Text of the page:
I always listened though when it was time to hear stories from the bible. I was also interested in the homily, when the priests would tell their own stories in the form of sermons. Most of the time, the stories would drone on, falling over the congregation, escaping my grasp. Every once in a while, thankfully, a priest would really try to reach people at that moment, to touch and engage their hearts and spirits.

So, I was in church, listening to the priest’s sermon, and he was talking about the hurricane – his homily centered on the experience of his family over the previous weekend – it so happened that his sister’s wedding was planned to take place on the day the hurricane hit.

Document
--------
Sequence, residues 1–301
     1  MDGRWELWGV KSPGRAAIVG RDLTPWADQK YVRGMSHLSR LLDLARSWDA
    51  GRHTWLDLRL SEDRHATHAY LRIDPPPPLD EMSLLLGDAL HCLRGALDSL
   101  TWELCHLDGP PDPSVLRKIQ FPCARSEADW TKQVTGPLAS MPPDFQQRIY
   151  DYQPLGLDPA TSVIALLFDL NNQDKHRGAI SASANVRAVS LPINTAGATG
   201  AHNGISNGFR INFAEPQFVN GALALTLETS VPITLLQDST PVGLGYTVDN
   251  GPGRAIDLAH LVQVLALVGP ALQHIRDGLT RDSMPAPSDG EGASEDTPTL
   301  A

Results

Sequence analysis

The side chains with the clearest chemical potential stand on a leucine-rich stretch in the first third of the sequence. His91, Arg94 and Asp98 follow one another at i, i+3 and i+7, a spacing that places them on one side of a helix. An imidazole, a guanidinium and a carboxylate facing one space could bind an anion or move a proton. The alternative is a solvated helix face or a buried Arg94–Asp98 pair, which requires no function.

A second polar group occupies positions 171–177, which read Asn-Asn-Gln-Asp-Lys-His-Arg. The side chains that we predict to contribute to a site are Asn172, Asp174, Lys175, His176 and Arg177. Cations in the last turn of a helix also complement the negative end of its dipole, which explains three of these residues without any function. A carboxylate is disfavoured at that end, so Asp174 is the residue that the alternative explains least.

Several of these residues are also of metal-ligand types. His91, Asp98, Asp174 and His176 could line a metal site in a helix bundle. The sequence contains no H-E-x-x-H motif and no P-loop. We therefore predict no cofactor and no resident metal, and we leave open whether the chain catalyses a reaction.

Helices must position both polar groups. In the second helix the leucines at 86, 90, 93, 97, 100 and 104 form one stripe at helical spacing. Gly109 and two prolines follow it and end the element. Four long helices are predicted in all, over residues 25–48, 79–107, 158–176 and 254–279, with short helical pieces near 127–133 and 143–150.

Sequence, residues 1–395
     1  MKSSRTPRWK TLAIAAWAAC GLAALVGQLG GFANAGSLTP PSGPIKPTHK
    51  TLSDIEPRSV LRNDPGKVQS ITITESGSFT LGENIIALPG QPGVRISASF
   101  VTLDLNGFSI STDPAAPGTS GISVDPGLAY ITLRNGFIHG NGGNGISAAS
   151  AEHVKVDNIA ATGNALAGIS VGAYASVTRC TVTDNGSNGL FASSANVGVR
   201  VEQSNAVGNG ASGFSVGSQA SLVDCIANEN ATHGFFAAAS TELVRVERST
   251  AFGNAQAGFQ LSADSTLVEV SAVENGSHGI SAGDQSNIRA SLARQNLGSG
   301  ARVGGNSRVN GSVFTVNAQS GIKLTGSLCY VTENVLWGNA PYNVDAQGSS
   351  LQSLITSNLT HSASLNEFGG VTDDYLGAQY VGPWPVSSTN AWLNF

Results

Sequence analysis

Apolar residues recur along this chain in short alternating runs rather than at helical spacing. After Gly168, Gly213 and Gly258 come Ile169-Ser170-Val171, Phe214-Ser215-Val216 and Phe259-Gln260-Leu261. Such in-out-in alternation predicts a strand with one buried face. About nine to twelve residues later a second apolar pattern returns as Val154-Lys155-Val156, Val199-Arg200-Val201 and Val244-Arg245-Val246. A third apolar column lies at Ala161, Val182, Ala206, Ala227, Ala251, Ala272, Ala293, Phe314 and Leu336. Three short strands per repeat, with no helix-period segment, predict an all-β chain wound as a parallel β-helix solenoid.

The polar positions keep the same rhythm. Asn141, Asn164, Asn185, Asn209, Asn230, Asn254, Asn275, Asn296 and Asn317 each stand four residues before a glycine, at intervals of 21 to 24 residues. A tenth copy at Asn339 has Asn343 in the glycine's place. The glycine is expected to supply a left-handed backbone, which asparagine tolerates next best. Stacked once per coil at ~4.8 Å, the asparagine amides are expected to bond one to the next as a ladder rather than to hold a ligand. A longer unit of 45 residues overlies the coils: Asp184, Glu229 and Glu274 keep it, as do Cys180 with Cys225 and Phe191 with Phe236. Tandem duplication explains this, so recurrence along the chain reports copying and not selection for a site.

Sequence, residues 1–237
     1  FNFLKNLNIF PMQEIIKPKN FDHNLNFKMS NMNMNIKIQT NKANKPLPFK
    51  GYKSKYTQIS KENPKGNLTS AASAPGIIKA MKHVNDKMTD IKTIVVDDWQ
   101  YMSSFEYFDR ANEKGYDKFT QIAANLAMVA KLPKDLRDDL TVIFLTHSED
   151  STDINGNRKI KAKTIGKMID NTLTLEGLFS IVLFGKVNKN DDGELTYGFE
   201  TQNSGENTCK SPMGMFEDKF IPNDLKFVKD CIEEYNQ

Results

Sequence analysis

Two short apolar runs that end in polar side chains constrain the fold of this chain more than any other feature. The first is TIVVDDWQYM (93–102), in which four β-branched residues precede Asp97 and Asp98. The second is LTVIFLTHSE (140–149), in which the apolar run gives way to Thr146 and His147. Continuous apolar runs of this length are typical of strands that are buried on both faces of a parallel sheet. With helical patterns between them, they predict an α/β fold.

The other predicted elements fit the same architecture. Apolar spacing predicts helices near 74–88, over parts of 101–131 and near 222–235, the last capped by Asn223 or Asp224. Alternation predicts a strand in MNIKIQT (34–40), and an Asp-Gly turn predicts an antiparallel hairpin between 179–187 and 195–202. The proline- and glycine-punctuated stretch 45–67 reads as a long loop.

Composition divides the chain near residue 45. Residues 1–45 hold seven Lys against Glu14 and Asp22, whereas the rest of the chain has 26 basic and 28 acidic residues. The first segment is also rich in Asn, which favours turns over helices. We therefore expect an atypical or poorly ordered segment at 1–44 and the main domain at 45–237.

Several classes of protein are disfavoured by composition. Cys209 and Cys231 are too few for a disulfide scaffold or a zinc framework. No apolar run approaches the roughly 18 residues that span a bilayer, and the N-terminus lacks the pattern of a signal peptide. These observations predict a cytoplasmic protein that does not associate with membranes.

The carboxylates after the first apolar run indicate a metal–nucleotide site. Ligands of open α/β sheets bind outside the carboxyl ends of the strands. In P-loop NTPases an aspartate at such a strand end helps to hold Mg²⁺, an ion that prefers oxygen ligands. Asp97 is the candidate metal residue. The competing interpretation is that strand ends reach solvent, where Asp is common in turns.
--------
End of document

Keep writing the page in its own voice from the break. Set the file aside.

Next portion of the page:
He said that his sister had planned a huge wedding; hundreds of people were invited to celebrate the event. A hall was rented; all the requisite plans were made … flowers and dresses and limos, rings and tuxedos. And the day of the wedding, everything closed in the face of Hurricane Gloria.

The electricity was out. No one could really travel, and only immediate family were able to get to the ceremony. The rented hall was closed, as was pretty much everything else. They didn’t even have access to the diamond rings they had painstakingly picked out. They were wearing regular, everyday clothes.

And yet … and yet, they carried out the ceremony. I still remember listening to the priest describe how he watched his brother-in-law catch his breath, as his sister walked down the aisle, in the eye of the hurricane, sunlight streaming through the stained glass windows, the candles on the altar afire.